Federal budget a mixed bag for USGE members
Ottawa: Tuesday's federal budget was a mixed bag for USGE members. The federal government signaled its intention to follow through with its plan to make significant changes to the federal public service's sick leave program, regardless of the outcome of the collective bargaining process.
The proposed changes to sick leave mean that public servants will have access to far fewer sick days per year and no unused days will be banked in the event of a future illness. The federal government is justifying this measure as a means to help it balance the books, even if it has to legislate it.
Stan Stapleton, President of USGE, says that resolution on sick leave must be achieved through the collective bargaining process, not the federal budget.
"Clearly, bargaining in good faith means that both sides have the opportunity to come to a satisfactory agreement about fundamental working conditions. We will be underscoring that to Members of Parliament on all sides."
USGE represents fifteen thousand federal public servants who work for Correctional Service Canada, the RCMP and some smaller departments including the Department of Justice, CSIS, and the RCMP Complaints Commission.
"Our members are integral to the public safety of Canadians in communities across the country. We work very hard each and every day to support the eventual re-integration of nearly 22,000 thousand offenders into countless towns and cities. We are parole officers, program officers, teachers, institutional support workers, trades people and cooks. Sick leave is a necessary part of a job that demands a high degree of contact with hundreds of individuals who have complex behavioural and physical needs."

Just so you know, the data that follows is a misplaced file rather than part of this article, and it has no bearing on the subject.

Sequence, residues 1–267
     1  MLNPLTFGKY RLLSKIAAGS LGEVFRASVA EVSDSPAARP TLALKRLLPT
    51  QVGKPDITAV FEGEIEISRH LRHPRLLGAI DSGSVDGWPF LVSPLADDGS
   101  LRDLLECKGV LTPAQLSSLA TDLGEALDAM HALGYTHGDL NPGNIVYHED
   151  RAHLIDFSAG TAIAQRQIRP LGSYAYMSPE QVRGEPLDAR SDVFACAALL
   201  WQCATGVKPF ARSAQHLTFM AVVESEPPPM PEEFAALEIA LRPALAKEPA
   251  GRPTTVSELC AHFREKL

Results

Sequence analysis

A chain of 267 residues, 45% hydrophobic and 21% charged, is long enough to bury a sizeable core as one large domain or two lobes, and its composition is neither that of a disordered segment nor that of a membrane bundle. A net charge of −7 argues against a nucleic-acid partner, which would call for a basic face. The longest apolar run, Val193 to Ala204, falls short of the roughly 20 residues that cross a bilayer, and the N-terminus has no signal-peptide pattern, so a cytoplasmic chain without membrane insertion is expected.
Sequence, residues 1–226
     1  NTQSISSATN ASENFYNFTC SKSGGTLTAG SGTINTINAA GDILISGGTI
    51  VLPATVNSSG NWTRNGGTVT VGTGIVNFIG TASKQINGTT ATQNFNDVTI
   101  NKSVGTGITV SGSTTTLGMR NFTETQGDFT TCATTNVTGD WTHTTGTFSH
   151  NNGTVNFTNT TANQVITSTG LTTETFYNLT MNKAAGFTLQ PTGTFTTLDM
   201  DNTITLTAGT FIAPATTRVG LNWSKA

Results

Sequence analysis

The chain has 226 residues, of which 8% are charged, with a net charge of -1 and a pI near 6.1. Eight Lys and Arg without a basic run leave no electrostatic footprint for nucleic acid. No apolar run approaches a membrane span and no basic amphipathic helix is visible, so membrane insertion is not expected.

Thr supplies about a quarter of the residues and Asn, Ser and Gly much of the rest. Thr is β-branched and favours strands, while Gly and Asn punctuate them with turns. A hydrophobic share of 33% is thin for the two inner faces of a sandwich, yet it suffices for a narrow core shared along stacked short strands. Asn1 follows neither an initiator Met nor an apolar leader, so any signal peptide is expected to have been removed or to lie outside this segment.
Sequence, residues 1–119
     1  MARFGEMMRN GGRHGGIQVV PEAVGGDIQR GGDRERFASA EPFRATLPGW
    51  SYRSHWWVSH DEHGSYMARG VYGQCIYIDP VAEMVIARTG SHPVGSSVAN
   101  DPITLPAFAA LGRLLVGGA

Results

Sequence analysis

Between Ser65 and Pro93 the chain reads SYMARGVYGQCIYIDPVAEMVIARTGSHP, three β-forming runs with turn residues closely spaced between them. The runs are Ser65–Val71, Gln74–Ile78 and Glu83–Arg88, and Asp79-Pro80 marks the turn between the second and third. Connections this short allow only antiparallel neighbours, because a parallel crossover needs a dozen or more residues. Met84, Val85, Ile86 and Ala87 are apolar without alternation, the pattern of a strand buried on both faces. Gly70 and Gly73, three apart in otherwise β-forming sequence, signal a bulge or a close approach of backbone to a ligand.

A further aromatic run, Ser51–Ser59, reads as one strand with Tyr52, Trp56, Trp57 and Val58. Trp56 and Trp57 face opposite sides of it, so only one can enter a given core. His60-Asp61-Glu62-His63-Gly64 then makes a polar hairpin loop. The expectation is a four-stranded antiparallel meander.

Several thousand other members of USGE work within the RCMP in support of policing operations in areas as diverse as detachment services, laboratory services, marine enforcement, highway patrol, financial markets enforcement, court services and custodial services.
"Canadians are counting on us to ensure their neighbourhoods, their roads and marine ways, and their courtrooms are safe. Our first priority as federal public servants is keeping folks out of harm's way."
Stapleton questioned the amount of savings the federal government could reap from changes to sick leave. "I am not convinced that the savings the federal government has projected in savings from sick leave even add up," he noted. Whatever the plan, the federal government would likely bear full costs of a private one that would administer short and long term disability leave.
At the same time, USGE notes that the federal government is investing $27 million over five years, starting in 2015–16, to enhance security measures at Canada's federal courts and registry offices as well as the Supreme Court of Canada.
"In light of recent attacks, it's an absolute must and I am encouraged that the federal government recognizes the current danger," Stapleton added.
The federal government also committed to strengthening the capacity of the Security Intelligence Review Committee to enhance its review of the Canadian Security Intelligence Service by providing $12.5 million over five years, starting in 2015–16, and $2.5 million ongoing thereafter.
"While USGE does not support Bill 51 in its current form, it is absolutely necessary that the review committee that oversees CSIS be further strengthened given the significant concerns expressed by many experts about CSIS' enhanced powers," noted Stapleton.
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